The Adam Dunn last seen at U.S. Cellular Field is not the same No.â€‰â€‰32 who’ll be wearing White Sox pinstripes at Friday’s home opener.
Dunn 2011 was downtrodden, perplexed, befuddled – you name it – wondering what on earth happened to a swing that had produced 354 career home runs in three cities before Chicago. His woeful production after signing a big-money, free-agent contract with the Sox made him the go-to guy for fans venting frustration about the team’s disappointing season.
Although he wasn’t the only Sox performing below career norms, Dunn had been the picture boy for the ‘‘All In” campaign, so fans booed him the loudest. They shouted nasty things. They blamed him for much of the team’s failure.
To Dunn’s credit, he refused to turn on them, sulk, make excuses or feel sorry for himself. When he got his second hit in 55 at-bats against left-handed pitchers with a single on July 4 at U.S. Cellular Field, the crowd gave him an extended ovation that smacked more of ‘‘It’s about time” than heartfelt support. Dunn stood on first base, smiled and raised his helmet to the crowd.
Dunn took his lumps, took them in stride and has put them behind him. With his confidence back, a restored Dunn briefly reflected on a season he urgently needs to forget as he prepared to leave Cleveland on Wednesday and head to a reunion with Sox fans at the home opener against the Detroit Tigers.
‘‘The same people that will boo will cheer,” Dunn said. ‘‘That’s part of it. I’ve been booed before. Does it suck? Of course it does. No one wants to go in your home park and get more boos than you do on the road, but it comes with the territory.”
Right-hander Jake Peavy, who because of injuries has fallen short of management and fan expectations since he was acquired in a 2009 trade, understands the territory on the South Side. All it will take to get the fans behind him, Dunn and Alex Rios is a run of strong starts, home runs and RBI.
‘‘They are so passionate about their baseball,” said Peavy, who starts Friday against the Tigers. ‘‘They are die-hard fans. What I love about Chicago and our fans is they are blue-collar and they seem like real people. I think you guys know me well enough that that’s who I am. I was raised low-to-middle class in a very rural town. I relate well to a lot of [the South Side] in their personalities, but at the same time, I understand their frustration with me. I’ve never once questioned them for getting on me.”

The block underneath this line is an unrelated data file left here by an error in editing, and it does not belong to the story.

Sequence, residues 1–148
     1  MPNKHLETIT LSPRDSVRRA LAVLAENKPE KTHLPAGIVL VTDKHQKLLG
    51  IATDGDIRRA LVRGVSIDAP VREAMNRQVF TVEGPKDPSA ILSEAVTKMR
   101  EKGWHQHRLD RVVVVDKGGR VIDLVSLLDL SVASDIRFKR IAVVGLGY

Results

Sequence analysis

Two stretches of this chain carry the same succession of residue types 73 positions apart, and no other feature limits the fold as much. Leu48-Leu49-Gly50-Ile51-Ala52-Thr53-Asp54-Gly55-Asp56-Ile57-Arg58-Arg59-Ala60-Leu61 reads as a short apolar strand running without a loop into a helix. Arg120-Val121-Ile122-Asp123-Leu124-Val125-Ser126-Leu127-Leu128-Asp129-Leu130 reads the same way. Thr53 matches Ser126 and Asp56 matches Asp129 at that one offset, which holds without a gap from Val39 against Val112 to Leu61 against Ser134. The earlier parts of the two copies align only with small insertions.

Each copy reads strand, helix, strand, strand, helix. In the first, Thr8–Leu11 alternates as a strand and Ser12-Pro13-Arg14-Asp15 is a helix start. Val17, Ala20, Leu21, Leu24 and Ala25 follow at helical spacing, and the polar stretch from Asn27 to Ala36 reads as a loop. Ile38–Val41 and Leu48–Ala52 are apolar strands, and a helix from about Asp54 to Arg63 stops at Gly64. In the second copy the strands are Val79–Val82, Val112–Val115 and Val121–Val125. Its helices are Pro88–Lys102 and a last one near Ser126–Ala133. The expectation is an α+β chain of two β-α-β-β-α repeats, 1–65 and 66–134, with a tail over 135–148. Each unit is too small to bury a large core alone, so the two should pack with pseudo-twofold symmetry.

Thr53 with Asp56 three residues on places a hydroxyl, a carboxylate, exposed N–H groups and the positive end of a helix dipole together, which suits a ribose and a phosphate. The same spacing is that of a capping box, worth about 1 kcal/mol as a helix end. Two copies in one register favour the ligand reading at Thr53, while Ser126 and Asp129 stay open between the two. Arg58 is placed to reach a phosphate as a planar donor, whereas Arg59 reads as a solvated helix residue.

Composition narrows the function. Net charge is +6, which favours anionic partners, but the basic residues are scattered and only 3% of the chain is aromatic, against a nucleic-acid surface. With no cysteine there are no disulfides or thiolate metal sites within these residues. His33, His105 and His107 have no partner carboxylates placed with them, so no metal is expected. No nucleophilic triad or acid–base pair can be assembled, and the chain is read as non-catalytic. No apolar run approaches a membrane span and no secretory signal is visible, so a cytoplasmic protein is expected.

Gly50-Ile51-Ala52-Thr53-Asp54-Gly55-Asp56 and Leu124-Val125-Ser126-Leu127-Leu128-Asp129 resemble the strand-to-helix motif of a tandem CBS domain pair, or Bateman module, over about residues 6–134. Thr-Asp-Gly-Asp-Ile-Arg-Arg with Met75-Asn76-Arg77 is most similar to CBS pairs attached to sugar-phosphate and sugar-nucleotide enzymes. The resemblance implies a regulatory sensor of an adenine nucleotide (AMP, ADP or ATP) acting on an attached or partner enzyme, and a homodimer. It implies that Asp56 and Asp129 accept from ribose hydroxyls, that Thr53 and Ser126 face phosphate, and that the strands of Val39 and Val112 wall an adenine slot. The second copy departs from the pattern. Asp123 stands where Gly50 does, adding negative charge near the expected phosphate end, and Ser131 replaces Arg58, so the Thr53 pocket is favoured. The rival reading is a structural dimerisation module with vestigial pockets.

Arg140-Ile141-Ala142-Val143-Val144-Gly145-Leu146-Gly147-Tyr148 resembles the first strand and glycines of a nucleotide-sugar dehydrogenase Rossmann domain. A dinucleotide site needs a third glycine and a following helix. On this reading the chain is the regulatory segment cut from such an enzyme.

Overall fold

Nor has Dunn, who maintained a self-deprecating sense of humor about his 11-homer, .159 season when reminded that U.S. Cellular Field is known as a good hitters park.
‘‘That’s what I hear,” Dunn said. “That’s what I hear.”
Dunn missed the home opener last season, recovering from an emergency appendectomy that marked the beginning of the end of his short-lived good times in a Sox uniform.
He comes into Friday’s game coming off a good spring (six homers), a major-league record-tying eighth home run on Opening Day in Texas and 18 collectively good at-bats at Texas and Cleveland. He has four hits in five games Â– nothing to write home about – but the batting eye that was lost last year is back. His four walks have hiked his on-base percentage to .364.
‘‘What happened last year is last year,” Dunn said. ‘‘I didn’t get to play in the home opener last year, and it’s kind of like the second opening day, so I’m looking forward to it.
‘‘I feel really good, still. I’m ready to rock, man. Ready go get home and get in the flow of everything.”